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   CHAPTER 4   

Japanese People Active in the International Community and Roles of Diplomacy


Japanese People Active in the International Community


Japanese People Working at International Organizations

It has been becoming more important for the international community to respond to various challenges, regarding not only terrorism and conflicts, which threaten political and security frameworks, but also global issues such as violations of human rights, poverty, infectious diseases, and worsening environmental degradation resulting from rapid globalization. In this context, the roles played by international organizations are becoming all the more significant and accordingly the duties of international civil servants working at international organizations are increasing.

In order to augment the number of Japanese personnel in the United Nations and other international organizations, Japan has been making efforts to identify qualified candidates while urging international organizations to hire and to promote Japanese staff.


Activities of Non-governmental Organizations

More than 400 Japanese non-governmental organizations (NGOs) are estimated to be involved in international cooperation activities. In light of the various issues facing the international community, such as natural disasters and regional conflicts, NGOs that are capable of providing well-tailored, swift, and flexible responses well in tune with local residents are coming to have greater and greater importance. Japanese NGOs have been conducting activities in the fields of not only development assistance and emergency humanitarian relief but also human rights, international organized crime, the environment, trade, disarmament, and the United Nations, among many others. The Ministry of Foreign Affairs attaches an importance to the role of NGOs, and is working to strengthen cooperation with NGOs as an important partner in Japan's diplomacy. NGOs represent Japan's physical presence in foreign assistance by providing support in the international community.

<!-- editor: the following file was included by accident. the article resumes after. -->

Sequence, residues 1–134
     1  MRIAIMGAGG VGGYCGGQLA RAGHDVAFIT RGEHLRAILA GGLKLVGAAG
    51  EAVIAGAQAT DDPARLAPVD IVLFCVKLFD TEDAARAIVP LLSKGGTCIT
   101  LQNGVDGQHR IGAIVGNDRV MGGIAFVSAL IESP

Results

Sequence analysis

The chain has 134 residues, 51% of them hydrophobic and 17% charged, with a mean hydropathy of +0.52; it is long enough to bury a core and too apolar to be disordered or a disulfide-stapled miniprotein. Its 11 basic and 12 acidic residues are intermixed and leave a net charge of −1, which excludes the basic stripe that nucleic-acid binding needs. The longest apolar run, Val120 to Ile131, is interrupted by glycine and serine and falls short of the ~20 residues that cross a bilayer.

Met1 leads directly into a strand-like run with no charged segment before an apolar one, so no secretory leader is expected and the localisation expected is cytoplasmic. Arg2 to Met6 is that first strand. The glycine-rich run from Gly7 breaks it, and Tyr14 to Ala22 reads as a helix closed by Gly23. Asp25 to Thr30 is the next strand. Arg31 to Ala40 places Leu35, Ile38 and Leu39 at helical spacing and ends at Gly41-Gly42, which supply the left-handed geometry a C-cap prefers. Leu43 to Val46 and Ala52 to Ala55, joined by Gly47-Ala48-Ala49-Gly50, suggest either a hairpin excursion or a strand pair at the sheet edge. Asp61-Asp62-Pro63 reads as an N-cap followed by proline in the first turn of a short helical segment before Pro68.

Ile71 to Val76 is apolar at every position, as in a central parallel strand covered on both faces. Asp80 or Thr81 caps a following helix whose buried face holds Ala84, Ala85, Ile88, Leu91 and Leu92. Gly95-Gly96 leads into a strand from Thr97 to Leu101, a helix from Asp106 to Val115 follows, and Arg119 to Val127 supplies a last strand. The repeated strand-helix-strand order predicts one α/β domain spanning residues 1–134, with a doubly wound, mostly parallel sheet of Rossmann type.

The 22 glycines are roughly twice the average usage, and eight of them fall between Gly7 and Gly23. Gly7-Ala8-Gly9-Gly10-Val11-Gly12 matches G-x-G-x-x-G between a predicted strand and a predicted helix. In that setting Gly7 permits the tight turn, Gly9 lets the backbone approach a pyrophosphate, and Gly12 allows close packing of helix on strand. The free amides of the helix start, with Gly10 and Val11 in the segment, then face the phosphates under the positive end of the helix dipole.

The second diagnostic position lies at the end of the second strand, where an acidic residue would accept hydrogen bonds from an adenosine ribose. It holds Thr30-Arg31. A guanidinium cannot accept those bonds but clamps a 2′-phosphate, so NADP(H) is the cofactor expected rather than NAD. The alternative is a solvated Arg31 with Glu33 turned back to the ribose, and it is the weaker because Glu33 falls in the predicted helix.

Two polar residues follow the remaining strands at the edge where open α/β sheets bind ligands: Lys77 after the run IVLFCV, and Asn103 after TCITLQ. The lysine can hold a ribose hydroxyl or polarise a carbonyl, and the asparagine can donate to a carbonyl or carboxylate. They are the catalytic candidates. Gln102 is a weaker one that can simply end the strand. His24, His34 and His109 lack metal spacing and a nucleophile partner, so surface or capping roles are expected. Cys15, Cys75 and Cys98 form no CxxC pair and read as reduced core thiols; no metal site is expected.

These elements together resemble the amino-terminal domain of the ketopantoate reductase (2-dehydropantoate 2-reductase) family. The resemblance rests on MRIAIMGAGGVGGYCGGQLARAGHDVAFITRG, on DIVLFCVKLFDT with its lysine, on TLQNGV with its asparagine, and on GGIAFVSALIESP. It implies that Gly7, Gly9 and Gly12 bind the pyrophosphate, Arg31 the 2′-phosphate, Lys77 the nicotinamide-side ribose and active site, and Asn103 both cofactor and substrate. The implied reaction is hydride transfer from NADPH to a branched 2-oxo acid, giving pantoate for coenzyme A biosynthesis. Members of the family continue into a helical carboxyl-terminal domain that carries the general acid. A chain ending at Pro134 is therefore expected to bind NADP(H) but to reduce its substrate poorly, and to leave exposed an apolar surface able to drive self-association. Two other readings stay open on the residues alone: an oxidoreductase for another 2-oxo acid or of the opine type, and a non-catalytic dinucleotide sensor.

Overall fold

Photo:Health Education Project, India, by Terra People Act Kanagawa/TPAK supported by JICA Partnership Program

Health Education Project, India, by Terra People Act Kanagawa/TPAK supported by JICA Partnership Program
(photo: Terra People Act Kanagawa/TPAK)


Japan Overseas Cooperation Volunteers and Senior Volunteers

In June 2007, the total number of Japan Overseas Cooperation Volunteers (JOCVs) dispatched to date topped 30,000. The JOCV program was launched in 1965 to take advantage of the great enthusiasm of Japanese youth for foreign countries, with 26 young volunteers dispatched to Cambodia, the Philippines, Lao PDR, and Malaysia. Since then, the JOCV has sent young Japanese to 82 developing countries over 40 years. The Japanese serving as JOCVs and Senior Volunteers (SVs) contribute to growth in developing countries while playing a significant role in fostering mutual understanding and friendship between Japan and developing countries.

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